|Publication number||US5117380 A|
|Application number||US 07/701,375|
|Publication date||May 26, 1992|
|Filing date||May 13, 1991|
|Priority date||Mar 15, 1989|
|Also published as||DE69025633D1, DE69025633T2, EP0388131A2, EP0388131A3, EP0388131B1|
|Publication number||07701375, 701375, US 5117380 A, US 5117380A, US-A-5117380, US5117380 A, US5117380A|
|Original Assignee||Oki Electric Industry Co., Ltd.|
|Export Citation||BiBTeX, EndNote, RefMan|
|Patent Citations (14), Non-Patent Citations (2), Referenced by (42), Classifications (6), Legal Events (4)|
|External Links: USPTO, USPTO Assignment, Espacenet|
This application is a continuation application of Ser. No. 07/491,068, filed Mar. 9, 1990, now abandoned.
Many integrated circuits such as single-chip microcomputers require built-in random number generators for purposes such as coding and decoding data. In many cases very large random numbers are required, comprising many digits or bits, which must be assembled from a series of successively generated random numbers. A random number generator should therefore be capable of generating successive random numbers quickly, but it should not require extensive circuitry, since space in an integrated circuit is limited.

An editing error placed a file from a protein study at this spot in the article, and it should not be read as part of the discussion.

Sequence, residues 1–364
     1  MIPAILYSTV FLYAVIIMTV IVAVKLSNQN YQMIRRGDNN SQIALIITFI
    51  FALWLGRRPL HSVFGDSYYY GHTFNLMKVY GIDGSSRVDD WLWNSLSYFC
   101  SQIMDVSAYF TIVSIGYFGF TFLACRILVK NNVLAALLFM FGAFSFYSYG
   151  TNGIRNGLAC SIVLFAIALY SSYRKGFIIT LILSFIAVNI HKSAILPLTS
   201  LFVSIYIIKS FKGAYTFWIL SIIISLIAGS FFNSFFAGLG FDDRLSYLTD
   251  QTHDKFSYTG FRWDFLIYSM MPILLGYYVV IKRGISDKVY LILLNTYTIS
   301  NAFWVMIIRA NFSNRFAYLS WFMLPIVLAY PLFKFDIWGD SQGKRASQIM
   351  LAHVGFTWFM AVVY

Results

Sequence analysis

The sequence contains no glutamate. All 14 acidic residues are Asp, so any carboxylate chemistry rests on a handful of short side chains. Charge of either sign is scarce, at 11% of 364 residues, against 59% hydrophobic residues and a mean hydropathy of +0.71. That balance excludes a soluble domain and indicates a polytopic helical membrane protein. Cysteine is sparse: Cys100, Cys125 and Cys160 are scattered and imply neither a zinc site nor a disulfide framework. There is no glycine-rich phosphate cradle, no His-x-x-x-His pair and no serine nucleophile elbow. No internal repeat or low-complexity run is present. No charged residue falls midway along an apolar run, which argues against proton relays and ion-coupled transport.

One prior-art random number generator comprises an arithmetic unit that repetitively performs certain arithmetic operations, the results of which are kept in a decimal counter. Random numbers are requested by key input by a human operator. When such input occurs, the arithmetic operations are halted and the current counter contents are output as a random number. This random number generator, however, requires extensive counter and arithmetic circuitry, and needs several seconds to generate a random number with a large number of digits.
Another prior-art random number generator uses logic gates and an M-series pseudo-random number generator, for example, to generate a group of clock pulses with differing pulse counts. The clock pulses are counted by a counter, and the counter output is used as a pseudo-random number. This random number generator, however, also requires extensive circuitry and cannot generate random numbers at a rapid rate.